LoVa group shifts focus to community trail projects around Garfield County
NEW CASTLE — Following a stalled effort last year to fully fund a major section of the South Canyon trail, the Lower Valley Trails Group (LoVa) is handing that project over to Garfield County for now and is refocusing its efforts on several local trail projects that are in the works from Glenwood Springs to Parachute.
LoVa’s mission continues to be the eventual creation of an uninterrupted paved trail along the Colorado River and Interstate 70 corridor from Glenwood Springs to the Mesa County line, Larry Dragon, the group’s part-time executive director, said in a statement issued Tuesday.
“We still fully support Garfield County’s efforts to complete the South Canyon trail, and look forward to the day that we again can partner with the county,” Dragon said of the county’s efforts to maintain funding for at least a small section of the canyon trail to be completed this year.
However, “We are now shifting our attention to Glenwood Springs, New Castle, Silt, Rifle and Parachute to assist in their efforts to expand trail networks in and through their communities,” he said.
“There are a lot of exciting things going on in the different towns, and we will be assisting them in every way possible,” Dragon said in a separate interview.
Among them is the town of New Castle’s plans to build a new pedestrian and bicycle bridge over the railroad tracks, I-70 and the river to a new trail connection along County Road 335 to Apple Tree Park. The county is also assisting on that project.
New Castle is in the early stages as well to plan for a paved trail east to the Canyon Creek area, Dragon noted.
The town of Silt also continues to expand its in-town trail system, and is exploring ways to create a safe path from town out to Coal Ridge High School along Highway 6.
And Rifle is planning to expand the Rifle Creek Trail and to add trails to its new riverfront park and boat ramp on the south side of the Colorado River at the I-70 rest area. LoVa has agreed to assist on the trails portion of that project, Dragon said.
Likewise, Parachute is also preparing to develop a trails master plan.
“It makes sense for us to work with the different towns to try to get these trails in and around the local communities built, even though we will still have these gaps in-between,” Dragon said.
Dragon said LoVa can help with planning efforts, identifying and obtaining funds for trails, negotiating with adjacent landowners and other stakeholders, grant writing and public outreach.
LoVa has also developed a detailed master trail plan that is “on the shelf” and available for local officials to use in their near- and long-term planning, he said.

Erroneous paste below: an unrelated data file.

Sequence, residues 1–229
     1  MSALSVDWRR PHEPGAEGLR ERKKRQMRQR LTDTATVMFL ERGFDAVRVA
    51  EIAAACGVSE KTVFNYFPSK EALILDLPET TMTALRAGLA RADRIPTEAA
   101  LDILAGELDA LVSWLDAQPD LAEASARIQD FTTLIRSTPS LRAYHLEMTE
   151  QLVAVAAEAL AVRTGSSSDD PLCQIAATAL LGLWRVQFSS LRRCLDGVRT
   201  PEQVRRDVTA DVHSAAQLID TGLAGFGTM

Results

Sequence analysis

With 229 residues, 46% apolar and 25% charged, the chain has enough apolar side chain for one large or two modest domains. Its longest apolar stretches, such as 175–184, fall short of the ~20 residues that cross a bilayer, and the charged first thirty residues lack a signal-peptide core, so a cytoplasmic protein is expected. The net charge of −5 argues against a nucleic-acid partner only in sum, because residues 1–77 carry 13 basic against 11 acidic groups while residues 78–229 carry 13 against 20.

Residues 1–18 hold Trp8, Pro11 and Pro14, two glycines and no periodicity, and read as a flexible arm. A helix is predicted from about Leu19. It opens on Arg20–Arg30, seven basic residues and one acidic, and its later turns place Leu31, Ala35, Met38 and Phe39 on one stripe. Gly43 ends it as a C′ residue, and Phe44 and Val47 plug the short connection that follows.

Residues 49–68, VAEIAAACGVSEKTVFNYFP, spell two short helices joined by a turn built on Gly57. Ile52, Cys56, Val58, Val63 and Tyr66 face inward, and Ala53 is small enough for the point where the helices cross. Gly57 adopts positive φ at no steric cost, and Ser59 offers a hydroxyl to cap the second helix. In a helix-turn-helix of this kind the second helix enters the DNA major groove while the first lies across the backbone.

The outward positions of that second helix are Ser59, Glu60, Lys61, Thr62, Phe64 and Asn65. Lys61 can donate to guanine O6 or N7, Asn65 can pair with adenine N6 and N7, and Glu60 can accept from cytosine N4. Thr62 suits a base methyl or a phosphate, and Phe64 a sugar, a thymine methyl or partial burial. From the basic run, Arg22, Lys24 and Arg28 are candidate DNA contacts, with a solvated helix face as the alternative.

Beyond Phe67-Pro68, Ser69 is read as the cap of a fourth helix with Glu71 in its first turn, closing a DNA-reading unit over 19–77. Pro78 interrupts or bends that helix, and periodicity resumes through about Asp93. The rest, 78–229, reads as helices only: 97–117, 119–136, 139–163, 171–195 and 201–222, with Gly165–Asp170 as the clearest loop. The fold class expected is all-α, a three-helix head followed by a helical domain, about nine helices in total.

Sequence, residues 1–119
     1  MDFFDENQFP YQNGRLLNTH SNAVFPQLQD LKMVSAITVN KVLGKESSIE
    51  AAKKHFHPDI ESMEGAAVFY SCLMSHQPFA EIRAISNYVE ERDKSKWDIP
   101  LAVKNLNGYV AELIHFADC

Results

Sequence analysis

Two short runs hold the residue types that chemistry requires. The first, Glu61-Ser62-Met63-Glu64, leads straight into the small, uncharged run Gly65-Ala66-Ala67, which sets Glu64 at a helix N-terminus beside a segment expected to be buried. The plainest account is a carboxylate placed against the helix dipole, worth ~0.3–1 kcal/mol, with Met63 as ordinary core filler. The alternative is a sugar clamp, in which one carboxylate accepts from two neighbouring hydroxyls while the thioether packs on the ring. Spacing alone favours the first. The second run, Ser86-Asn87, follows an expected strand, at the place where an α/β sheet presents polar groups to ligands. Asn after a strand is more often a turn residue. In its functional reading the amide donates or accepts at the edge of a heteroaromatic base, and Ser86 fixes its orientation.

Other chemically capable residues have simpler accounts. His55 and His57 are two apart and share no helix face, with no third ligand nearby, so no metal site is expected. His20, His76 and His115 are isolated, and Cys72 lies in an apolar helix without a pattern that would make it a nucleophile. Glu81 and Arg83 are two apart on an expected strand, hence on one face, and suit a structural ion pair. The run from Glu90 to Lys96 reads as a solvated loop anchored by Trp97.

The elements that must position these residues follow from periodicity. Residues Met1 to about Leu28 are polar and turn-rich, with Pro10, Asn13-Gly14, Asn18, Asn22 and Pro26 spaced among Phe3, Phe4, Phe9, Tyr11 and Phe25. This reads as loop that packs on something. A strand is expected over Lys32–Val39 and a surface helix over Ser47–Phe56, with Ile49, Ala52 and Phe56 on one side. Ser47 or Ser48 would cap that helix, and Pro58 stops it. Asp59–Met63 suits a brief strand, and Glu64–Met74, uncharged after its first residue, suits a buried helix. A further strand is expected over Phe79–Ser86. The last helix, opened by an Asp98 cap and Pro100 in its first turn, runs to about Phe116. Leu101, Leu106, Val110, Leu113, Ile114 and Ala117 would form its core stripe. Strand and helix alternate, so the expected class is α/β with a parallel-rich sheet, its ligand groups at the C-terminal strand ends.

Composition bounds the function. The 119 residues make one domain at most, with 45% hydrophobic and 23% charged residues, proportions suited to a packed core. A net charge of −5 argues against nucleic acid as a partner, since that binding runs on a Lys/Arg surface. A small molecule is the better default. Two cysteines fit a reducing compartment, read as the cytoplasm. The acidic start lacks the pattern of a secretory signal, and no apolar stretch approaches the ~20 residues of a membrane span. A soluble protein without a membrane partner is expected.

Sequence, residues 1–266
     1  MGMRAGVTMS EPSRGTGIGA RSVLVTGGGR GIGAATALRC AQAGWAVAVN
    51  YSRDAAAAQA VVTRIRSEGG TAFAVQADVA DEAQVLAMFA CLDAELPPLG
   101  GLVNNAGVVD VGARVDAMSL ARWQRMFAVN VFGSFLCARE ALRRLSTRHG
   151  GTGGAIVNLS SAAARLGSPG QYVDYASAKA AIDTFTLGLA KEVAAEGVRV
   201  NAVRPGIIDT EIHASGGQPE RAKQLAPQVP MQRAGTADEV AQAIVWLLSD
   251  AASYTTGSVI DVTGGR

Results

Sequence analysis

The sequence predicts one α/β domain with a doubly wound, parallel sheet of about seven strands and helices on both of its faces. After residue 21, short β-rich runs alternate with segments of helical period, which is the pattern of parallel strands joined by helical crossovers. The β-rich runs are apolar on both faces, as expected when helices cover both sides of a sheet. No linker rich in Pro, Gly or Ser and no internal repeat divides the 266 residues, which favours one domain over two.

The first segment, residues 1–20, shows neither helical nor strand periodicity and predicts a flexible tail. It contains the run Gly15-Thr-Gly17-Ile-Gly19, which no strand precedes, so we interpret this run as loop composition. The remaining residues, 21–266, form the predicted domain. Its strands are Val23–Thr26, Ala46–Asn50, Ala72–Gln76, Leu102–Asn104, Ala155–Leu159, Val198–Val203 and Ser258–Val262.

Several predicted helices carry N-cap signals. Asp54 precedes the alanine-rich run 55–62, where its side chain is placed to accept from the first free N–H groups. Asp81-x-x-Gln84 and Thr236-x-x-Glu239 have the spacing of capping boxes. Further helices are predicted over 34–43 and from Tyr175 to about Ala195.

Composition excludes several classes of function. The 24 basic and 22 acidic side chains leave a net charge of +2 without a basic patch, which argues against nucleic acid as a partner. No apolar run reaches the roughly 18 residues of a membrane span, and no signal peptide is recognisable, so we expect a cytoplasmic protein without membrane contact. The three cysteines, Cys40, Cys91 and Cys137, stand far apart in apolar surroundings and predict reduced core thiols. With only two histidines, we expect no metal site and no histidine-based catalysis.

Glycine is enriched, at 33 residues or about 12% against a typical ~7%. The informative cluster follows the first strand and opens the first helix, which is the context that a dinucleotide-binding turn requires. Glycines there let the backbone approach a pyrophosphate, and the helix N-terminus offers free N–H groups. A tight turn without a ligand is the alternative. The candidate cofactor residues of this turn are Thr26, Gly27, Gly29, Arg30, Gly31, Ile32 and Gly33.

From its inception in 2004, LoVa’s main emphasis has been to work with Garfield County and the city of Glenwood Springs to plan for and construct the easternmost section of trail from West Glenwood through South Canyon.
To date, two phases have been completed, in 2009 and 2011, at a cost of about $1.6 million. Those included short trail segments running west from Mitchell Creek and east back toward town from the South Canyon bridge.
Still to be completed, however, is a 1.8-mile stretch connecting the two dead-end segments. However, at an estimated cost of about $4.4 million to complete the project, due to the engineering necessary to built the trail on the steep embankment between the interstate and the river, funding has been hard to come by.
In late 2012, Great Outdoors Colorado rejected a proposed $1.5 million grant to help build the trail. That effort was bolstered by a $1.8 million match from the county and $600,000 from the city of Glenwood Springs.
LoVa tried to talk the county and city into keeping their full funding in the mix and going it alone to build the trail. Instead, they agreed to put $225,000 toward retaining a $577,000 federal transportation enhancement grant that had previously been awarded to the project.
The result will be the completion of another 1,150-foot trail segment from the Glenwood Springs side into South Canyon, which is slated to be built this year.
Garfield County had also supplied most of LoVa’s operational support. But the organization is alive and well with its new focus on helping with the local trail projects, according to Mike Larime, who co-chairs the LoVa board.
“LoVa is still stable and viable, and has restructured to ensure its continued participation in the promotion of local trail networks, especially those that serve the Colorado River corridor,” Larime said in the group’s Tuesday news release.
For information or to get involved with LoVa, email firstname.lastname@example.org.
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